Commit cfbe8690 authored by Sam Hocevar's avatar Sam Hocevar
Browse files

  * added the GNU getopt library, which gets compiled in when getopt_long
    isn't available on the desired platform.
  * replaced the `--warning' flag with the standard cumulative `-v' flag.
    `-v' is like `--warning 3', and `-vvvv' is like `--warning 0'
    (`--warning' is still valid for those used to it)
  * cleaning in and, the Solaris port now
    builds and runs properly.
parent 646f7c46
......@@ -75,26 +75,7 @@ INCLUDE += -Iinclude -Iextras -I/usr/local/include
# Libraries
ifeq ($(SYS),gnu)
LIB += -lthreads -ldl
ifneq (,$(findstring bsd,$(SYS)))
LIB += -pthread -lgnugetopt
LIB += -L/usr/local/lib
ifneq (,$(findstring linux,$(SYS)))
LIB += -lpthread -ldl
ifneq (,$(findstring solaris,$(SYS)))
LIB += -ldl -lsocket -lnsl -lpthread
ifneq (,$(findstring darwin,$(SYS)))
LIB += -ldl
LIB = @LIB@ -L/usr/local/lib
ifeq ($(SYS),beos)
LIB += -lbe -lroot -lgame
......@@ -180,7 +161,7 @@ DCFLAGS += -MM
# C compiler flags: linking
LCFLAGS += -Wall
#LCFLAGS += -s
......@@ -193,7 +174,7 @@ else
ifneq (,$(findstring darwin,$(SYS)))
LCFLAGS += -dyn
LCFLAGS += --export-dynamic @DYNAMIC_FLAG@
LCFLAGS += --export-dynamic
......@@ -281,7 +262,6 @@ MISC = src/misc/mtime.o \
src/misc/modules.o \
$(INPUT) \
......@@ -293,7 +273,8 @@ C_OBJ = $(INTERFACE) \
$(MISC) \
......@@ -497,11 +478,11 @@ all: vlc @ALIASES@ plugins
rm -f plugins/*/*.o src/*/*.o lib/*.so
rm -f plugins/*/*.o src/*/*.o lib/*.so extras/*/*.o
rm -f vlc gvlc kvlc qvlc
distclean: clean
rm -f src/*/*.o plugins/*/*.o **/*~ *.log
rm -f **/*.o **/*~ *.log
rm -f Makefile include/defs.h include/config.h
rm -f config.status config.cache config.log
rm -f gmon.out core build-stamp
This diff is collapsed.
......@@ -28,26 +28,26 @@ AC_C_BIGENDIAN
dnl Check for system libs needed
AC_CHECK_FUNCS(gettimeofday select strerror strtod strtol)
AC_CHECK_FUNCS(setenv putenv)
AC_CHECK_FUNC(connect,,[AC_CHECK_LIB(socket,connect,LIB=${LIB}" -lsocket")])
AC_CHECK_FUNC(gethostbyname,,[AC_CHECK_LIB(nsl,gethostbyname,LIB=${LIB}" -lnsl")])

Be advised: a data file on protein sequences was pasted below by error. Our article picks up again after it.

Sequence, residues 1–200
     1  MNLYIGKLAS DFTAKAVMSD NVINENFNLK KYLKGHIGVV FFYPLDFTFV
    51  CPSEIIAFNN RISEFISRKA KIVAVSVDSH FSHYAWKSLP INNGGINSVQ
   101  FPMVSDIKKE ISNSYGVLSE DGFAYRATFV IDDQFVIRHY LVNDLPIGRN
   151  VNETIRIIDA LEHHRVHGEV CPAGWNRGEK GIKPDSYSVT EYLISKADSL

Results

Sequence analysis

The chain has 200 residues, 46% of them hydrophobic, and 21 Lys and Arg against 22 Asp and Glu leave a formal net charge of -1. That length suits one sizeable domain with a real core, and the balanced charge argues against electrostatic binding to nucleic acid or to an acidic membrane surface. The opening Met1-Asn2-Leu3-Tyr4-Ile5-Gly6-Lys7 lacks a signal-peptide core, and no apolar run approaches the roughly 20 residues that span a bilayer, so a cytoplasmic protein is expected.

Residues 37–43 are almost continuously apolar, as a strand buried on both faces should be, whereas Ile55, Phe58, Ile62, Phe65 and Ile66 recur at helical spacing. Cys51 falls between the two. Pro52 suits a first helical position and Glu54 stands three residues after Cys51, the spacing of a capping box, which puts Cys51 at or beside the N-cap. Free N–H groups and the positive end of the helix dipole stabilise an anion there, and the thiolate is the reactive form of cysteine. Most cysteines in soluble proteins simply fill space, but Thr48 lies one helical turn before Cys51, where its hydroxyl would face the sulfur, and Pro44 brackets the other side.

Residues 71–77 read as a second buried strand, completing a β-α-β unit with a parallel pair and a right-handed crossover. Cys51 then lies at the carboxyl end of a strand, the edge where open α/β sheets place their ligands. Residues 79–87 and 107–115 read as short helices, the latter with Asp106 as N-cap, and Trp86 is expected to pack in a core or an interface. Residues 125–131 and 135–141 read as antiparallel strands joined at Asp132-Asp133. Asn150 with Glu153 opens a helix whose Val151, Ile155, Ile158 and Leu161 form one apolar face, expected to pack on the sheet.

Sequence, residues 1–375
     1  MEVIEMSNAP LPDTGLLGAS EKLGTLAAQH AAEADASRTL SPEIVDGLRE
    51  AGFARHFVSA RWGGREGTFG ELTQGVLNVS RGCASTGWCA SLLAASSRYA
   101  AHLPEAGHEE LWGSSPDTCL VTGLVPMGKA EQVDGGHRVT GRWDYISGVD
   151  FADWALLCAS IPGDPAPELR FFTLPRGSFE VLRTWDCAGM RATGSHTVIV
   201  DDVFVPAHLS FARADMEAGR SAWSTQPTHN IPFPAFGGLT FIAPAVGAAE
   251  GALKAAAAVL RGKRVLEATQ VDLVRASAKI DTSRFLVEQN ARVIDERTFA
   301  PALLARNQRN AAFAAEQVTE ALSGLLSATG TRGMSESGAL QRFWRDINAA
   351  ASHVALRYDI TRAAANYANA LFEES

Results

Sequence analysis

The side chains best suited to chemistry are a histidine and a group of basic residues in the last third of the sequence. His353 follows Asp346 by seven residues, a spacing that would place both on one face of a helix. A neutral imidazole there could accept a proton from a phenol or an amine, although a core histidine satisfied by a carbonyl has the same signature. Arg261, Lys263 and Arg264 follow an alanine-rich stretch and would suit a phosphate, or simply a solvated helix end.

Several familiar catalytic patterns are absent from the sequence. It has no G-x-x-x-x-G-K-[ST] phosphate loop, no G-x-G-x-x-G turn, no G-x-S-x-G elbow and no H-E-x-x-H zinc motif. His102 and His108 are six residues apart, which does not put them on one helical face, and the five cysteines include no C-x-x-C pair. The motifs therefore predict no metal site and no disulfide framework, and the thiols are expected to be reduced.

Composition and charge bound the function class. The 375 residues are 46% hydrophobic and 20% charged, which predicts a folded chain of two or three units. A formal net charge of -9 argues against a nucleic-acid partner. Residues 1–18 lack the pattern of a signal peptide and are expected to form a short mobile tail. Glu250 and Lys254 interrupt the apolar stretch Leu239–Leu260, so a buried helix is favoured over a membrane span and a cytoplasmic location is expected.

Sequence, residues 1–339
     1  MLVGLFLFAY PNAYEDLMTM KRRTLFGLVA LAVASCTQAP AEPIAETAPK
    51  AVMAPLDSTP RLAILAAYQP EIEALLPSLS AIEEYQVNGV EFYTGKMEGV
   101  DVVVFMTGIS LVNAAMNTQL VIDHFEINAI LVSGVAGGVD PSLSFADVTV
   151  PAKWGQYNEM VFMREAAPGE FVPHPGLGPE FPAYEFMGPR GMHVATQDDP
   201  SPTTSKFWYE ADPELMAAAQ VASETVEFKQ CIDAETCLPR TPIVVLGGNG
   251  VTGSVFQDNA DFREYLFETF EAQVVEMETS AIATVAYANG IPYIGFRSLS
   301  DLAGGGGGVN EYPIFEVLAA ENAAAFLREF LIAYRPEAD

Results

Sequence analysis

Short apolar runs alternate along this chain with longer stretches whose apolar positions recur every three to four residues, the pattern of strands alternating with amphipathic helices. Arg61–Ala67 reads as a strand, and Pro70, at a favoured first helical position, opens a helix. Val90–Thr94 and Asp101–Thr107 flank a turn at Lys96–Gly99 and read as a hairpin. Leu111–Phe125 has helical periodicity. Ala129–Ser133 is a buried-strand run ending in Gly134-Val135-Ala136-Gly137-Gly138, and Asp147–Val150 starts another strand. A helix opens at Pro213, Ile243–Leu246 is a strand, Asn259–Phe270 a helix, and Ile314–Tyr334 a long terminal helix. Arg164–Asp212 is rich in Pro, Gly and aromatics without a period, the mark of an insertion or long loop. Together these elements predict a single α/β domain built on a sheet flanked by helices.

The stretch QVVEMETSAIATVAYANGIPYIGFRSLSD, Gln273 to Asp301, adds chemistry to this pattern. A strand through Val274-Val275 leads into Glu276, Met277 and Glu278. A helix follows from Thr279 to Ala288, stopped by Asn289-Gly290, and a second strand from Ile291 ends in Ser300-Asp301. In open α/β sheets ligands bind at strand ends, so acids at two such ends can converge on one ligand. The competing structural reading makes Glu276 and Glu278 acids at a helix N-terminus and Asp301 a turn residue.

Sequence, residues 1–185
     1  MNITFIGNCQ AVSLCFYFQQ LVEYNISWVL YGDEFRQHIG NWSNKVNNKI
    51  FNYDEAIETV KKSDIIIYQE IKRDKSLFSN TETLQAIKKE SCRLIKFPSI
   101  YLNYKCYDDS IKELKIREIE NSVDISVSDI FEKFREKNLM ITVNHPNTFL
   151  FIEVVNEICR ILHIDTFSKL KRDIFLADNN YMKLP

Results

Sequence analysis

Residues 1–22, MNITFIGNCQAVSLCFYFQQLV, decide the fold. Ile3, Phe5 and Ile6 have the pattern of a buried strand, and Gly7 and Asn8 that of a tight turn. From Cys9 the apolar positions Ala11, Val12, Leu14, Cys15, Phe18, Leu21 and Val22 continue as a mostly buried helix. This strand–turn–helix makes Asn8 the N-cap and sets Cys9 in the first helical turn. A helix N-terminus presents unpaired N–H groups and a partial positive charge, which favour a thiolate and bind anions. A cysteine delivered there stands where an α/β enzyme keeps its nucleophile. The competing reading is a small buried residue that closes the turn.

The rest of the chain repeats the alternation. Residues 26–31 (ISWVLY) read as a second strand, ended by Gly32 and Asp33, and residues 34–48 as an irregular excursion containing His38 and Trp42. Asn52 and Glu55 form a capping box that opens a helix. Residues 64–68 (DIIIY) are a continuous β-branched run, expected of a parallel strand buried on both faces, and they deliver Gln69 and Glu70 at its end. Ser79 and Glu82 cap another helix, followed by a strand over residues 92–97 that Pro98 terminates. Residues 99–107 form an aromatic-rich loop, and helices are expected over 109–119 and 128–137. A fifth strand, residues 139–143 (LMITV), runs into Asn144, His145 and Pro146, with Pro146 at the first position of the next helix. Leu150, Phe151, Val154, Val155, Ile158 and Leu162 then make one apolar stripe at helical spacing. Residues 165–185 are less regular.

AC_CHECK_FUNC(nanosleep,,[AC_CHECK_LIB(rt,nanosleep,LIB=${LIB}" -lrt",[AC_CHECK_LIB(posix4,nanosleep,LIB=${LIB}" -lposix4")])])
AC_CHECK_FUNC(inet_aton,,[AC_CHECK_LIB(resolv,inet_aton,LIB=${LIB}" -lresolv")])
AC_CHECK_FUNC(getopt_long,[AC_DEFINE(HAVE_GETOPT_LONG,1,long getopt support)],
[ # FreeBSD has a gnugetopt library for this:
[AC_DEFINE(HAVE_GETOPT_LONG,1,getopt support) LIB=${LIB}" -lgnugetopt"],
[GETOPT="extras/GNUgetopt/getopt.o extras/GNUgetopt/getopt1.o"])])
AC_CHECK_LIB(dl, dlopen)
AC_CHECK_LIB(gnugetopt, optarg)
AC_CHECK_LIB(game, _)
AC_CHECK_LIB(root, _)
AC_CHECK_LIB(m, powl)
AC_CHECK_LIB(pthread, pthread_create)
AC_CHECK_LIB(threads, thread_create)
dnl check for getopt_long, substitute the distributed versions if not
AC_CHECK_FUNC(getopt_long,,[LIBOBJS="$LIBOBJS getopt.o getopt1.o"])
AC_CHECK_LIB(dl,dlopen,LIB=${LIB}" -ldl")
AC_CHECK_LIB(m,powl,LIB=${LIB}" -lm")
AC_CHECK_LIB(pthread,pthread_create,LIB=${LIB}" -lpthread")
AC_CHECK_LIB(threads,thread_create,LIB=${LIB}" -lthreads")
CPPFLAGS="${CPPFLAGS} -I/usr/local/include"
......@@ -77,7 +77,7 @@ dnl Check for -rdynamic flag
CFLAGS="${CFLAGS} -rdynamic -Wall -Werror"
AC_MSG_CHECKING([if \$CC accepts -rdynamic])
LCFLAGS=${LCFLAGS}" -rdynamic"
dnl End of the bizarre compilation tests
......@@ -150,9 +150,10 @@ AC_ARG_ENABLE(optimizations,
# special cases
dnl special cases
if test x$host_os = xbeos; then
LIB=${LIB}" -lbe -lgame -lroot"
dnl default case
......@@ -267,7 +268,10 @@ AC_SUBST(DEBUG)
......@@ -35,8 +35,10 @@ A summary of options is included below.
.B \-I, \-\-intf <module>
Specify an interface module: "gnome", "curses", "qt", for instance.